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Emily never went back to Garfield, but the alleged perpetrator returned after a 10-day "emergency exclusion" on the basis of a possible security threat he posed to other students. It wasn’t his first. Two years before, when he was in middle school, he was emergency excluded for having sex with a girl behind bushes on school property during lunch, according to school records.
At school the boy spread the story that he was framed, posting on Facebook that he had been “greezed.” It turned school into a hostile environment that made it impossible for Emily to return, the Millers said, and triggered their daughter’s full-blown PTSD.
In this conversation, below, that Emily had with a friend over Facebook, she explains how she found out about the story circulating at Garfield. Her friend mentions that he heard the alleged rapist, a popular student-athlete, talking about the incident at school. (The ellipsis marks an edit where the chat was condensed for brevity.)
In its policy, the district states that retaliation against someone who makes a sexual harassment complaint “will result in appropriate discipline” and that it will “take reasonable actions” to prevent it from happening. The Millers said the district did nothing to respond to the insults and painful gossip. It offered Emily a transfer to another school, but as her PTSD grew increasingly disabling, they said they were never given any clear options about how to make her re-entry work.
“We were not only trying to care for our shell-shocked daughter — we also had to pick up the pieces of her education and figure out what happens next,” Emily’s father said.
Seattle schools’ Title IX coordinator should have been the parents’ point of contact, overseeing the whole process. But the Millers didn’t know the district had such an employee until months after the incident, and even then, he wouldn't communicate, defering instead to the district’s legal department, where most of the Millers' messages ended up anyway. That's a potential conflict of interest, since the district’s lawyers could end up defending the institution if the family sued.
The Millers eventually sent their daughter to a residential treatment facility in Utah, where she lived for five months until the family ran out of money. Emily’s mother believes her daughter could have gone back to school right away with her head held high before the rumors started if they had known that the alleged perpetrator wasn’t there.
In a July 2013 email, the district’s general counsel said the 10-day suspension “permitted your daughter to immediately return to school if she chose.” But it didn’t permit her, the Millers said, because they were never told about it. In fact, the principal refused to tell them if the boy had been sanctioned.
“The whole situation was a disaster,” Ms. Miller said. “The whole [plan for her education] went down the tubes.”
For Title IX violations, the only penalty the Office of Civil Rights has in its arsenal is revoking federal funding — something it has never done to any educational institution in the history of the law. But at the college level, damaging publicity has worked as a powerful weapon. That sword isn’t so sharp at public high schools, where there isn’t the same competition for students.
Steven Kelly, a victims’ rights lawyer who’s bringing a private Title IX lawsuit against Prince George’s County, Maryland, on behalf of a girl with developmental disabilities who was allegedly sexually assaulted, called the Office of Civil Rights “a toothless tiger.”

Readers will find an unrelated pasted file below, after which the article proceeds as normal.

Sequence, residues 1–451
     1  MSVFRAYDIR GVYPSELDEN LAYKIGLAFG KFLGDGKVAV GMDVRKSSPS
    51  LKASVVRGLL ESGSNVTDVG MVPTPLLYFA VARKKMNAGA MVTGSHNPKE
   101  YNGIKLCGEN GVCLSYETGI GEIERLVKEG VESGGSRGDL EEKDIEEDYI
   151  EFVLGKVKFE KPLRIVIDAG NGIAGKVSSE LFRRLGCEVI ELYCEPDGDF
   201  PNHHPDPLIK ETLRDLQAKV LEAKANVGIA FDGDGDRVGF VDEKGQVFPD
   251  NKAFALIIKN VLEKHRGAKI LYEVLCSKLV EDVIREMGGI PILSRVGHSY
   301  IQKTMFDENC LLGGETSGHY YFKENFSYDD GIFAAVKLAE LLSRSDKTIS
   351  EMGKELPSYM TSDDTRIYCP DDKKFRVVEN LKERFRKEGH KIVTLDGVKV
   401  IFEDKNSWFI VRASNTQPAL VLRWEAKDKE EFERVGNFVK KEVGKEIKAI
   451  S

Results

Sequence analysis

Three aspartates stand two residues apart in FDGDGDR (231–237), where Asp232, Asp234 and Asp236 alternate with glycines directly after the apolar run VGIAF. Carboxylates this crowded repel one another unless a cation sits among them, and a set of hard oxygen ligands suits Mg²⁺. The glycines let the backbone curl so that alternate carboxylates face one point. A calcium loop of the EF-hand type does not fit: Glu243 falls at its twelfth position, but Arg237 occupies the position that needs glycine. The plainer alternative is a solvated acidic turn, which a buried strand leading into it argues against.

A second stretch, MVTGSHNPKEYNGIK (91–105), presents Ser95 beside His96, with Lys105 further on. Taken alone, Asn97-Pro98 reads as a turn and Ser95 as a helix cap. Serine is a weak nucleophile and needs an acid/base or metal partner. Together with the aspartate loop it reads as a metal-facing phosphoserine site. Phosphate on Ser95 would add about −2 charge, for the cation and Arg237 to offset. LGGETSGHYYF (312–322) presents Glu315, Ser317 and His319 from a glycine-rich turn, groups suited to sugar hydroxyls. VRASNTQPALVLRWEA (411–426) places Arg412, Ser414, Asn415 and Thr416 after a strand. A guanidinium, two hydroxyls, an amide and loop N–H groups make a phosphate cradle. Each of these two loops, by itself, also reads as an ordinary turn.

“[The school district] couldn’t care less,” he said. “They’re not really going to revoke their funding. They’re not going to get anyone fired.”
But high schools can be painted with a big red target of liability: an accusation of negligence that may have allowed the rape. At college, little supervision is expected beyond the casual monitoring of a residential adviser or dean. But many parents assume elementary, middle and high schools serve in loco parentis for their children while at school.
Through their research and records requests, the Millers discovered that the students on the field trip had been freely playing outside and in one another’s cabins for hours after lights out on both nights while their chaperones slept. The chaperones admitted later to a district investigator that they hadn’t even read the district’s field trip guidelines, which recommend checking on students until they’re asleep.
The Millers believe the school was negligent in the way it planned and chaperoned the field trip, especially since their daughter’s alleged rapist had a history of sexual misconduct. Via email, the district’s general counsel was insistent that “there is no evidence the chaperones did not perform their duties.”
“I think they were sort of caught with their pants down and were struggling with how to respond,” Emily’s father said. “Their immediate response was, ‘We’re not going to admit that anything went wrong, because if we do, we open ourselves up to some sort of lawsuit.’”
By the time the district gave its decision on the case, the family had already figured their daughter shouldn’t return to Seattle Public Schools and moved to Tucson, Arizona. Emily, a former honors student, still suffers mental health issues, her parents said.
“Our lives were devastated,” said her mother. “The whole thing is ridiculous, and it’s ridiculous the boy is walking around like this.”
He did not respond to a request for an interview.
The Millers hope their complaint and awareness campaign will educate other high schools, families and students about sexual violence and their Title IX rights, which they believe could lead to fewer assaults at colleges too. Most rapists, after all, are repeat offenders. And one of the greatest predictors that a young woman will be sexual assaulted at college is whether she was sexually assaulted as a girl.
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